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Friday, October 24, 2008

Calhoun’s Cannons, The Bay News, Tolosa Press, SLO, CA for October 24, 2008



Perfect Justice

Nothing in his life became him like the leaving it . . .
Shakespeare

In an odd way, it was the perfect verdict: O.J. Simpson, not guilty of the savage murder of two people, but O.J. guilty of greed and stupidity. The official conviction was for armed robbery and kidnapping, but in reality, he was just another dumb thug, part of a Gang that Couldn’t Shoot Straight, an old has-been caught red-handed fumbling around a Las Vegas hotel room trying to steal back odd bits of memorabilia and other junk left over from a wasted life that was long gone. It was ridiculous. It was pathetic. It was perfect. The real O.J. for the world to see, at last.

Long gone was the O.J. still surrounded by his fawning sycophants. Gone were the high-powered attorneys in their Armani suits, slapping his back and crowding in on the TV lights, eager to be part of the Trial of the Century, a celebrity affair of wretched excess and goggling public obsession.

If that O.J. had been convicted of that horrific double murder, he would have been able to go out in a blaze of glory – A man to be feared, to be reckoned with, a man who felt he had a right to slit his wife’s throat when she dissed him, and then take out a brave young stranger who came to her defense. Two with one blow! A fearsome power player still at the top of his game, his innocence trumpeted amidst a cloud of race cards all being played at once.

And he would have entered the prison system as Top Dog, the kind of man given deference, admiration and a wide berth -- a legend, a famous ex-football star, the one who dared stand up, an innocent black man railroaded by the LAPD, a hero!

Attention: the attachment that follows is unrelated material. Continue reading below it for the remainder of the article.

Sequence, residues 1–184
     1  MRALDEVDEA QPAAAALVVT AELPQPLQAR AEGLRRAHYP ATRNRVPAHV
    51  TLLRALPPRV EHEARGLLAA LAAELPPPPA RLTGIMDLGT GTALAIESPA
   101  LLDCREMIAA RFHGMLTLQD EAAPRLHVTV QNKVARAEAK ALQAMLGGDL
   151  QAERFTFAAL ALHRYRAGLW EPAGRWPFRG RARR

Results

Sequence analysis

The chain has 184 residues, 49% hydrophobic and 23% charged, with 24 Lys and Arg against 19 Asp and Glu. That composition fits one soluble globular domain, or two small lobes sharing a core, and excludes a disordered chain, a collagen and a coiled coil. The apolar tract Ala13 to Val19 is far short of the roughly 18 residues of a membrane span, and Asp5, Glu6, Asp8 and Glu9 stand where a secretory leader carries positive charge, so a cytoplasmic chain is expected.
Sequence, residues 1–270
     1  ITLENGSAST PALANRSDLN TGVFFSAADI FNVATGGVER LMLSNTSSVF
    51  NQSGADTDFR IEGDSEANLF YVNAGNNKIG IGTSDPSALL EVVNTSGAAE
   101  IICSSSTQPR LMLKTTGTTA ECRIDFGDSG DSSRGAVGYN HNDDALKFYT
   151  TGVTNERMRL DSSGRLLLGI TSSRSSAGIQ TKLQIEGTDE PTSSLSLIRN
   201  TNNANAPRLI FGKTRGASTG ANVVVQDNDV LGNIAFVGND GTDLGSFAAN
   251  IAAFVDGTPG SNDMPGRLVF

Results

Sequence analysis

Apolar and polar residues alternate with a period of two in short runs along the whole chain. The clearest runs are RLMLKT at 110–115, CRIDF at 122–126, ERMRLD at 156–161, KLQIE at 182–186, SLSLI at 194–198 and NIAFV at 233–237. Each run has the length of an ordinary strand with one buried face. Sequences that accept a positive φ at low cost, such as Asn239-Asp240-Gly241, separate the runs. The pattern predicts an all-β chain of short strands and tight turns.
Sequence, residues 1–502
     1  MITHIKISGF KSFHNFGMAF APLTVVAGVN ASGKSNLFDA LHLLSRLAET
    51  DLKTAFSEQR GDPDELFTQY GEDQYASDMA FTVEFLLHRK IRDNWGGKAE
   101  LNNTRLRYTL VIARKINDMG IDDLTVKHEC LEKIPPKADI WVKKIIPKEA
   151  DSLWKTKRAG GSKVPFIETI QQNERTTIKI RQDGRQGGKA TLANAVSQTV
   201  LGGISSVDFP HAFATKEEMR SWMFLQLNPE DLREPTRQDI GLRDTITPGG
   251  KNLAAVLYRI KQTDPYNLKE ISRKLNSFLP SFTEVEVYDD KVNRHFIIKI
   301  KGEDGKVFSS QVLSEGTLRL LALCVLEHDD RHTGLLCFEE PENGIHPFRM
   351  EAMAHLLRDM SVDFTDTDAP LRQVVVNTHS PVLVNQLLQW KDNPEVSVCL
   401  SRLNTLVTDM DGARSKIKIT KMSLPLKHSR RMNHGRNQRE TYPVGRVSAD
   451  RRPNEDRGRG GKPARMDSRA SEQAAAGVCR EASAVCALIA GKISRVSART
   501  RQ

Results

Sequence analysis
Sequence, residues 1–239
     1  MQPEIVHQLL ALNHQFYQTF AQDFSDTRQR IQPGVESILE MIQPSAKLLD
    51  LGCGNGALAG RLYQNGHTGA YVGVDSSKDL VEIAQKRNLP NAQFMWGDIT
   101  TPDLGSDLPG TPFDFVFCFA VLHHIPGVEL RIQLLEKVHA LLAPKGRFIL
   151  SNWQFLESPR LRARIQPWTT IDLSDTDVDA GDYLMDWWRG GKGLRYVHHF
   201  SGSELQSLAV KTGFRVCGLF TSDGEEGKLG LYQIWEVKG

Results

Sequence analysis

That boffo grandstand ending was denied him, thanks to LAPD history, clever lawyers, poisonous racial pay-back and a lying cop – in short, a perfect storm of historical retribution and miscarried justice. It was a deadly brew that remains a potent stumbling block to justice for so many, even to this day.

What followed was a civil trial that found him liable for the death of two people, and civil penalties that sent him scrambling with his assets to Florida to spend his years on the golf course “looking for the murderer of his children’s mother,” surrounded by the usual grab-bag coterie of “friends” --hangers on, each sucking from his fame teat, hoping a little glory and a few bucks would come their way by the association.

But the civil trial and O.J.’s nature was the karmic cog that had been tripped into motion, the small moving wheel that compelled him to Las Vegas to fulfill his destiny.

While it still remains a possibility that some legal loophole will again see him walking free on the golf links, he can now never escape his true identity --not a feared, formidable double murderer, but a greedy, sleazy thug, trying to hustle hustlers who were tripping all over themselves to rat him and each other out, all scrabbling to make a few bucks off of junk that rightly should have been sold on E-bay for a couple of dollars.